After the Black Sea we were heading back inland. Still some of the most spectacular Mountain Passes were waiting for us but before we wanted to visit Gavin and his wife Andrea living next to Brasov, who invited us to stay with them. On the way to them we stopped at the Mud Volcanos at Buzau County which were formed from the eruption of gases; an unreal lunar-like landscape. The gas pushes the water and the clay to the surface and creating small cones. Gavin is British and living since many years in Romania and was travelling with his motorcycle diverse countries. We had some real nice evenings together while we were exploring the surroundings of Brasov on day trips such as Transbucegi or the area of Bran Castle.
About our next destination we heard and read a lot already and it is probably a must for any motorcyclist visiting Romania: The passes of the Carpathian Mountains Transfagasrasan and Transalpina. We ready ourselves and reckon with a lot of traffic. Not sure if we were just lucky or if it was because of the time of the year but it wasn’t much traffic at all and we really enjoyed the riding and had several stops to relish the beautiful views. The Transfagarasan is 91km long and passes through the highest mountain group of Romania, the Fagaras Mountains. At the initiative of Nicolae Ceaucescu this road was built while using 6520 tons of dynamite and 40 workers died during the construction. The highest road is the Transalpina which reaches the attitude of 2145m at the Udele Pass; both mountain routes have a charm of its own and are closed during the winter. Apropos weather – we had sunny days only so far and even up here still around 25°C.
One more destination we really did not want to miss: The Danube´s Boilers; located south west of Romania at the Serbian border. Gavin highly recommended driving along the Danube on the Serbian side. But for some reason the decision was to stay in Romania (we need a reason to come back and travel Serbia as well :) One of the first attractions from the banks of the Danube River is the Statue of Decebal, the last King of the Dacians. The route is really scenic, fantastic landscape with caves and stone carved shapes and again we were surprised how little traffic we had, often it was just us on the road.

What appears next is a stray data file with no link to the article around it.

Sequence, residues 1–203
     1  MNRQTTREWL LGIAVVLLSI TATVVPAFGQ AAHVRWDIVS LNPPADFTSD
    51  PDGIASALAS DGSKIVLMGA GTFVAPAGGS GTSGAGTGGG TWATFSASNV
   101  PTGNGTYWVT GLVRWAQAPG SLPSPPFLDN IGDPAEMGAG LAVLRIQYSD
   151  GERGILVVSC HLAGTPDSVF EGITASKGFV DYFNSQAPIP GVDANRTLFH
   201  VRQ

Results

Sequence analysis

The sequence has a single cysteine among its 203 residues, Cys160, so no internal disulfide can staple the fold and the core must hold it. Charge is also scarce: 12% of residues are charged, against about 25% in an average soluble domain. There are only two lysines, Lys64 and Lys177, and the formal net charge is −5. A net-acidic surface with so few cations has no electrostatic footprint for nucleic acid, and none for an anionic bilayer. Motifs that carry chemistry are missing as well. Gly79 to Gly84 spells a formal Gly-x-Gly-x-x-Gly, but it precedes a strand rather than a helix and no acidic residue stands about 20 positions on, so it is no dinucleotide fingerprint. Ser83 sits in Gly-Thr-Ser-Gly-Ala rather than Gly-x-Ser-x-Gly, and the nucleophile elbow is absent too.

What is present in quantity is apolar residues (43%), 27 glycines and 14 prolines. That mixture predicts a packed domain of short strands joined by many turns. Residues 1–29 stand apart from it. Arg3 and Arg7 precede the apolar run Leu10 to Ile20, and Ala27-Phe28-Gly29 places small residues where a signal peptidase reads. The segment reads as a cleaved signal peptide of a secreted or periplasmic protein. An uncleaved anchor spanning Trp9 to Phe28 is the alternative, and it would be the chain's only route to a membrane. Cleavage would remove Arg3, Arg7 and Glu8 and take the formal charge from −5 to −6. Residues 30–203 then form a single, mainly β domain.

One day of rain: on the way towards north again we had a grey sky and stormy wind. But we continued. Partially it was pretty uncomfortable but nearly as a return we caught a sight of a curious looking house in the middle of nowhere and we stopped. An old man and a dog were coming out, talking to us and making inviting gesticulates. His name is Achim Emilian and he founded his private museum. A collection of incredible many things lovingly displayed relicts of several centuries and each single piece accompanied with a story by Achim. About 2 hours we spend with him, listening to each other and laughing together. A MUST TO SEE and TO MEET! Don’t be shy: Achim Emilian, Loc. Almasu Mare Nr. 109, COD: 517030, Jud. Alba
As a closure of the journey we wanted to visit the Turda Saltmine close to Cluj-Napoce. The mine being first mentioned in 1075 and it was renovated and it reopened its doors in 2010 and is now a history museum of salt mining. Clearly it was time to go direction Vienna and for the way back we chose little roads winding along the north of the Apuseni Mountains close to where we started about 3 weeks ago. That was where “our muddy dog story” happened which you might have heard about already (it was posted on Facebook, RTWbyBIKE.com).
Romania is a real beautiful multifaceted country and it is not easy to recommend any specific place as there are so many – and probably still many places nobody talks about. Just follow your nose and take time for stops and chats. There are wild dogs, yes. They are not pleasant towards motorbikes and you should pay attention – but it is definitely not a reason not to go.
On the way back to Vienna we thought it could be nice to have a stop at the famous Balaton, Hungary just for the sunset a jump into the water and a nice dinner. But hey, EVERYTHING was closed, the camps and the pensions. For an hour we were looking around and if they offered us a room it was completely overpriced and a muggy stinky place. It turned dark and so we decided to continue north direction Vienna and looking for anything along the road. In the end we stayed in a Hotel which was not cheap but as well not run-down and therefore worth the money. Our last day was reserved for BigTom who travelled 4 years with on his bike and settled now again close to Vienna. We were pleased to see him again and spend a wonderful relaxed time together.
Thanks to everybody we met along this trip. Again we met only friendly open people who made our little journey to another great experience!